Überlegungen zum untergang — A “third era” commencement speech by those disinheriting the ruins of that which was obsolete and irreparably disfigured long before the public had taken notice, a malediction festering in the mouths of fraying jaws disarticulated by utterance of “I am here to bring death, terror and destruction.“, and a masterful delivery of surrealistic parable set to reaffirm the dimensionally discursive ideological muse of the artist ‘The Long Defeat‘ successfully facets its statement(s) in an all-too eager mind as one piece of a greater mythos to come. Yet there are multiple dimensions available between the bile spewed, the ink harassed upon the page, and the written dialogue available — There’ll be no certain distillation of these events with any meaning available to the listener ‘lest they’re likewise a reader, a gawker unfurling the great scroll of French ‘power trio’ Deathspell Omega‘s eighth full-length album and supping on its contents as if a wild animal, a plebian unconcerned with the excess of raw nutrition they’d gorge. There’ll likewise be no satisfaction for the inconsiderate detective herein, fattened by nepotistic expectations and deafened by unfamiliar tides of the avant-garde the need to ‘nod along’ will inevitably overtake as the daimon’s hand rocks it back and forth in demented fellatio.

That is to say that we are in completely unfamiliar, righteously unveiled and not at all self-conscious territory with the artist herein, they whom had long threatened to bear a ‘legacy’ cursed-mark, a signature sound that’d by all natural consumerist law rightfully stagnate into endless runs of glossier reproductions. In most every way ‘The Long Defeat‘ is a complete inversion of the theistic space (a “mountain”) set between Men and Gods, away from the fables of Greco-Roman deified domination available to most Satanic fantasy dialogue and closer to a meeting in the woods with a certain Faunus, or, a truly duplicitous mentor of the natural world most often found in European folklore. In matching the intimacy of this experience the entire Deathspell Omega invocation is transformed to that of a theatre-bound troupe spinning an imaginative tale which ultimately directs us to the illness of man and the necessary realization of his very nature, to know only his own illusion. Your expectations of this record are potentially intended to be broken at every turn in view of this living beast of an undertaking, as such the characteristic density of experience from the artist will be neither imposing or obviate. The deaf and memory-blind will roll over with a thumbs up, but it must be stated up front that this most accessible recording from the artist to date is not wearing any such anchor to the past beyond their admirable ethos.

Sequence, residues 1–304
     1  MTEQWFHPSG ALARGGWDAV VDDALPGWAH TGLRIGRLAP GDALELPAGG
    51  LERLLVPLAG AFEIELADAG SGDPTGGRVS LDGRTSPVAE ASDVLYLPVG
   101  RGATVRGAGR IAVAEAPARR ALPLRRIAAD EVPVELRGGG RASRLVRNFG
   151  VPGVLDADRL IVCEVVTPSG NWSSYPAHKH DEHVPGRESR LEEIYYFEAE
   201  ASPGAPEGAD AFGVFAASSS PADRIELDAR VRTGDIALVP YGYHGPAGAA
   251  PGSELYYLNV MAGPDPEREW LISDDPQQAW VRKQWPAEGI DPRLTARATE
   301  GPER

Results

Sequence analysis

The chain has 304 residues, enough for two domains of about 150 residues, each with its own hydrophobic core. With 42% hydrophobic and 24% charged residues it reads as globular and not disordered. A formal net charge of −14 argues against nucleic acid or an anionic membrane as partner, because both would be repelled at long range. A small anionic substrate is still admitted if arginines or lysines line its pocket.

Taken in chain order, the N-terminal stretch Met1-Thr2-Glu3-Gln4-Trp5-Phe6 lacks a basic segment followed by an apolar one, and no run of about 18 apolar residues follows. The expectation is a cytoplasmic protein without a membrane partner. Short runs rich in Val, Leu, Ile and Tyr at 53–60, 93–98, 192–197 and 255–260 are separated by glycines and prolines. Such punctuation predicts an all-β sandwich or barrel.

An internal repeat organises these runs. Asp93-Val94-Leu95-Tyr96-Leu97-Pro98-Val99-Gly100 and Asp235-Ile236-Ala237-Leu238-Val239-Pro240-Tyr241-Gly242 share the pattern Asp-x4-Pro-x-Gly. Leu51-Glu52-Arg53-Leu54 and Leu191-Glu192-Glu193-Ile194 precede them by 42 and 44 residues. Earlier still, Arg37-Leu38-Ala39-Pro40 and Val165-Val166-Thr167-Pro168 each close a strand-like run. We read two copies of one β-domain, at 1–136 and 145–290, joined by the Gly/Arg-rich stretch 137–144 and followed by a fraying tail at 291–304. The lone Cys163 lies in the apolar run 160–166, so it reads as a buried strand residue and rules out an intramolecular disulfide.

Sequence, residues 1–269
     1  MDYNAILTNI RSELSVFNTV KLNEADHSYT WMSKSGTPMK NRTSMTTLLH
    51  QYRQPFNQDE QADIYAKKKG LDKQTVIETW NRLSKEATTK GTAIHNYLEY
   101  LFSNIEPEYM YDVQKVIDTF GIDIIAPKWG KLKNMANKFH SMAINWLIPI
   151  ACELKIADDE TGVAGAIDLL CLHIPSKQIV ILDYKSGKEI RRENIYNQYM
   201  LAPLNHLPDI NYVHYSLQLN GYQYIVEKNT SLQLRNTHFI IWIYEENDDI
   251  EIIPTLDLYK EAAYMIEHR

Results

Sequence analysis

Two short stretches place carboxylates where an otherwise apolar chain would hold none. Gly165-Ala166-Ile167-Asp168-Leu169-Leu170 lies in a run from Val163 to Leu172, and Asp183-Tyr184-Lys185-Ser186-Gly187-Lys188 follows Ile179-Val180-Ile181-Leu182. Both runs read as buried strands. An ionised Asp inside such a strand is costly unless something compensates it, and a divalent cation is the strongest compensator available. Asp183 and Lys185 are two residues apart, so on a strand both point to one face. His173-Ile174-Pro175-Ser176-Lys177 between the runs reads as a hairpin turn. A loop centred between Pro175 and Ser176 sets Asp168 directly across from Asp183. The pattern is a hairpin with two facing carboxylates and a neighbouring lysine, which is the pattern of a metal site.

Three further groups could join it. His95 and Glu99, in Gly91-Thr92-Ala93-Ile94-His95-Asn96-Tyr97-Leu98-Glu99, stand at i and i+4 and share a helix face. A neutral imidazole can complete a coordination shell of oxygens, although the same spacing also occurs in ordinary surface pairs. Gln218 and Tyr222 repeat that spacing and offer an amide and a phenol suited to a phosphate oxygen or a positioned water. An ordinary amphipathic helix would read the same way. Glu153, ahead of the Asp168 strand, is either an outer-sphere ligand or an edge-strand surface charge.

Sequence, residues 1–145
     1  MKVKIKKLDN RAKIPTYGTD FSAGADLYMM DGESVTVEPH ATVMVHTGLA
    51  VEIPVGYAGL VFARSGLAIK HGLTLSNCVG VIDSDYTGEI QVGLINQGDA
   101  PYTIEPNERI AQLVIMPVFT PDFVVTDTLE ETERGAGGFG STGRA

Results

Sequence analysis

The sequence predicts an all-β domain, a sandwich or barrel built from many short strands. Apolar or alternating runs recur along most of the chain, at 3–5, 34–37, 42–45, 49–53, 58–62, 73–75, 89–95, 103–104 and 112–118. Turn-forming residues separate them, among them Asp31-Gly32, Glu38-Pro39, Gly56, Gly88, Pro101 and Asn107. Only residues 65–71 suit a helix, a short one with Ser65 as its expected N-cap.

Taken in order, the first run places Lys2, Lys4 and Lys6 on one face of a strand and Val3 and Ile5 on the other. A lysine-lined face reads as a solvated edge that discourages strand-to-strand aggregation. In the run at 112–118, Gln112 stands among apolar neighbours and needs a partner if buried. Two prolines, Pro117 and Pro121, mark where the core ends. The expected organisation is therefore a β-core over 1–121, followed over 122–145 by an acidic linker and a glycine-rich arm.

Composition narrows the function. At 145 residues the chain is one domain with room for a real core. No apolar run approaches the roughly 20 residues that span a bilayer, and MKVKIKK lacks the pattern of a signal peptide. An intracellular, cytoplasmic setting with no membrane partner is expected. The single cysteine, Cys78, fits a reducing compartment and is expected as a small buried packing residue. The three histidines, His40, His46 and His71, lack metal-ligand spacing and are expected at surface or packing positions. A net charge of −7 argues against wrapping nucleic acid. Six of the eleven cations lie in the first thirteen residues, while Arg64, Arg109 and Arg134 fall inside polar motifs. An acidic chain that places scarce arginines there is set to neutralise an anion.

An eight panel illustration, nine panel parable (short story, if you will), and full lyrics in print stand in stark contrast to the tower of stone-faced inhuman torment built within ‘The Furnaces of Palingenesia‘ (2019) not only in terms of packaging but delivery wherein the abysm of human hubris was given megaphone and spire in serpentine glory, an apex and an entirely unique set of angles completing a thread of five bespoke albums similarly empowered by the fading willfulness of civilization. If that is to be considered the second era in rear-view the third does not appear to be conjured out of necessity but by design as ‘The Long Defeat‘ features its narrative voicing, which is potentially performed by multiple vocalists, in reaction to the doubting silhouette’s enlightenment by way of at least three separately voice interactions. As suggested in the notes available, the recording took place in a live setting amongst three key musicians in late summer 2021 and the vocals themselves at various times between then and September of that same year and, without suggesting various vocal contributors, there are many moments here which recall the greater End All Life/Norma Evangelium Diaboli spheres being tapped for their personification of depicted spirits. No longer a writhing beast of obliterative nox, in this moment we can and should view Deathspell Omega in a sort of bardic neo-progressive station.

The implied dramatic and expressive vocalization which characterizes ‘The Long Defeat‘ is presented as the key spectacle of the experience and, in some sense, serves as the erratic ‘ugliness’ of black metal within an album that largely strips itself of instrumental grime, instead opting for the adept hand of post-apocalyptic modernism felt by way of slightly percussive bass guitar tone, dissonant yet ornately fluid dual guitar rhythmic shapes and the surreal feature of heavy rock lead guitars and progressive metal/heavy rock drumming. Not only do these live-recorded instrumental choices subvert expectations quite bluntly but they provide an sense of variety to these atmospheric depictions alongside use of dissonant harsh noise, dark ambient, empyrean chorales, and even a handful of… slick as fuck guitar licks — All of it weighted heavily by tragedian affect but also swinging a bit, striking into some “rocking” melodic black metal loft when called for along the way in setting aside the obfuscation available to their dissonant and technical yesterdays. The mayhemic value of Deathspell Omega is yet alive within this new mode but they do not raise any weaponry for the sake of it, employing their heaviest strikes so that they might best coincide with the realizations of the inquisitor in the dark.